I thought the plan was a bust when we were almost to the destination and Matt hadn’t even so much as cleared his throat. So my dad raised and lowered the windows a few times, claiming the button had been sticky. Matt coughed. My dad whipped out
that throat spray as quickly as if it was a gun and Matt had just threatened to behead us. He proffered it to Matt with the agreed upon line, smirking like a complete creepster. Matt declined, looking at me as if to gauge whether or not it was actually possible that I had shared the x-rated story with my father,

Artist: Al Benkin

who now was openly mocking him about it. I shrugged, and Matt, presumably chiding himself for being so ridiculously paranoid, promptly dropped it.

work. Don’t get me wrong, I thought their stencil techniques and lines were awless, but I wanted to see something more, something deeper.

the concert. And Matt never got good at sex.

We had a really good time at

And I did. After doing more

The End

ICY AND SOT: FROM TABRIZ WITH LOVE

by Kim De Los Angeles

About a month ago, while

crossing the Williamsburg Bridge on the J train, I noticed a mural of 25 or so faces looking up at me through a rainbow of paint drips. A sudden rush of excitement came over me as I immediately realized that this was the skillful work of my dear friends, artists and brothers: ICY AND SOT

research on the brothers, I realized how proli c their work was. They had produced more work in the span of four years than most artists I know have, or will, in a decade. I was astonished to realize the paramount accomplishments they had made in Iranian urban art, in a society where graf ti artists are accused of being Satanists. And in that instance, I got it. In that moment of clarity I knew why they had to come to New York and I wanted to help make that happen.

After months of speculative

I rst learned of ICY AND SOT about a year and a half ago through my friend, the great Arturo Vega. His art representation in Amsterdam, The Klerx Art Agency, was looking for help in organizing ICY AND SOT’s rst U.S. exhibition in New York. Initially, I was a bit hesitant to fully embrace the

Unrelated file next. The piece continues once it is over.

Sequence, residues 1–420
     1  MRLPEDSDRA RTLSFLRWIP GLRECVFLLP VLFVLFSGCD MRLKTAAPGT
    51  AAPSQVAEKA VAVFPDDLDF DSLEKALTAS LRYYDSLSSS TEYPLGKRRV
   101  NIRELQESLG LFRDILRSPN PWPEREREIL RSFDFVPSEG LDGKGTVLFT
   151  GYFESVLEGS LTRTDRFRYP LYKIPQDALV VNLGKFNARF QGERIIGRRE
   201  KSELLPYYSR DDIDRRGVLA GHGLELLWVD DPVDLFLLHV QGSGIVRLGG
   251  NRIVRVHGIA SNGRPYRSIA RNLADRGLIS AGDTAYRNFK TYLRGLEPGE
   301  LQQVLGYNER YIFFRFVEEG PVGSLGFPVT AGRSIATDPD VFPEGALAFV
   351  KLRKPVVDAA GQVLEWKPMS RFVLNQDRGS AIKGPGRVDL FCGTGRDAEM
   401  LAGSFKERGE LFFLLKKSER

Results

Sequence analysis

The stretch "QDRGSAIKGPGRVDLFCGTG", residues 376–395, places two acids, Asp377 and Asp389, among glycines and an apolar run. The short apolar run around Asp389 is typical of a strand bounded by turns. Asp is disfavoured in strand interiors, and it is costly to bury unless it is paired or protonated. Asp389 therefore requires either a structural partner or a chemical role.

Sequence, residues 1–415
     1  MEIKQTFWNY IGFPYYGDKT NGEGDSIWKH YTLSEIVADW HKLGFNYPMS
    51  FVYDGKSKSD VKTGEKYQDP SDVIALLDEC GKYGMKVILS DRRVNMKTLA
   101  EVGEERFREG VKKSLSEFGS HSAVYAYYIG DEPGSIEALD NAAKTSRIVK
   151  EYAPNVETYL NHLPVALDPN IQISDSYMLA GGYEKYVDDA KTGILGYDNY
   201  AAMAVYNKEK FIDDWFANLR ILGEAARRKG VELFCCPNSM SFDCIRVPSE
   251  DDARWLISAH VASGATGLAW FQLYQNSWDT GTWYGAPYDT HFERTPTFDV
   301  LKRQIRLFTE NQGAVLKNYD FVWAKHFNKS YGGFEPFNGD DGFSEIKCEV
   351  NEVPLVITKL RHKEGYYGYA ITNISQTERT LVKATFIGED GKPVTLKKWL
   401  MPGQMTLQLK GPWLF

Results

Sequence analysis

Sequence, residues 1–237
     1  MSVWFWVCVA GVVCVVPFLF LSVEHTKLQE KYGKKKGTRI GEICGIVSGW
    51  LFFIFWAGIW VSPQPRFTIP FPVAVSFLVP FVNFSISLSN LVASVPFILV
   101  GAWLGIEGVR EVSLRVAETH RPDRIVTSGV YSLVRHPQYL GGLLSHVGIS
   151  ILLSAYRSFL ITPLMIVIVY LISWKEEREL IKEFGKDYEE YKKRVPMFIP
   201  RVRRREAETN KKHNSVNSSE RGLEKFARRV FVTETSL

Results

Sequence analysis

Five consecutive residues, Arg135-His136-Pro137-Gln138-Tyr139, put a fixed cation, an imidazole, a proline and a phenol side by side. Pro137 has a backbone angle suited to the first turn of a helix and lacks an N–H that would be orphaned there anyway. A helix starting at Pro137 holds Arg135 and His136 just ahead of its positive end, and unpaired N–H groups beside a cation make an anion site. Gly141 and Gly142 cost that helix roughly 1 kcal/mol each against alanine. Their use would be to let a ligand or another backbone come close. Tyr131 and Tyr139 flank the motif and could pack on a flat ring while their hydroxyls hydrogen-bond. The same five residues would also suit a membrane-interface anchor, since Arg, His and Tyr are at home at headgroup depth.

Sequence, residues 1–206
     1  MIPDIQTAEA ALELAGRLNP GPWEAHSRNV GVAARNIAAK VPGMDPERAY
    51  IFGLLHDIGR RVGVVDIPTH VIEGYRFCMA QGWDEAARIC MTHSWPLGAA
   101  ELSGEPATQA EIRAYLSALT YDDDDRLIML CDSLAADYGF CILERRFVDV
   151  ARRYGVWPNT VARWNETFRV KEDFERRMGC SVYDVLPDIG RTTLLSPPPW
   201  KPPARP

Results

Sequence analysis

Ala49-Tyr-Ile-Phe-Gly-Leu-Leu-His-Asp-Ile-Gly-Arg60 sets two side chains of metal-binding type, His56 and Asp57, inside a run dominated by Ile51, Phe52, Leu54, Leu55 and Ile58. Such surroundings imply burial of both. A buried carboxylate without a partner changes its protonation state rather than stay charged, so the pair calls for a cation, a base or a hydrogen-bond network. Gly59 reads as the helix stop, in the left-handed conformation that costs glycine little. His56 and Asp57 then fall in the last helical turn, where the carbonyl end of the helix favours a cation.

dreaming and scheming with their manager Ali Salehzadah (also manager of the Iranian punk band The Yellow Dogs), ICY AND SOT left Iran for the very rst time in July of 2012, with no turning back. (I’ll save the story of how they got here for another issue. Let’s just say, it wasn’t easy.) MADE IN IRAN, their debut exhibition in New York, opened a month later with over a thousand people in attendance, numerous sales

and an obscene amount of attention from street art blogs and international media at large.

I&S: Comparing it with Iran we would say, yes. But it’s just as hard to paint legally in the U.S. KDLA: A lot of people say that it's a struggle living as an artist in New York. Do you feel that way at times? What were the biggest struggles living as artists in Iran? I&S: Yes we feel it [is a struggle] in our daily life. But in Iran it was totally different; it was mostly about the things that were compulsory like passing a year and a half of military service to get the passport. KDLA: Has it been a hard process applying for political asylum? I&S: It's always hard to do so much paper work, but we both

Almost nine months later, ICY

AND SOT have ourished above and beyond my expectations. Recently, just off the road from their East Middle West Tour with The Yellow Dogs—a string of pop-up exhibitions/concerts in Chicago, Houston, San Francisco and Los Angeles—I sat down with ICY AND SOT on the rooftop of their Bushwick warehouse to drink a few PBRs
Photo By: Lori Zimmer, Art Nerd New York

and catch up. KDLA: It has been almost a year since you left Iran. Would you say that the U.S. has provided all of the liberties here that you imagined it would?

got it!

KDLA: That’s awesome. Congratulations! So how many spaces have you guys painted so far since you’ve been here?

I&S: Twenty- ve pieces all over the U.S. KDLA: What is your favorite project you've worked on so far? I&S: Our favorite was the Welling Court Mural Project (Astoria, Queens). We had a good time painting there. There were 102 street artists participating. KDLA: Tell me more about the Middle East West Tour. I&S: We drove from New York to San Francisco to L.A. to Austin to New Orleans to Chicago. Eight of us traveled across the country in one van with U-Haul in tow. KDLA: How was the show in L.A.? I&S: It was at the Vortex, it was non-pro t space. We did everything on our own for it. We couldn’t get a liquor license so the police came and con scated everything. They knew that there was going to be alcohol at

the opening so they came half an hour after we opened the doors. KDLA: What does the future hold for ICY AND SOT….

Photo By: Kim De Los Angeles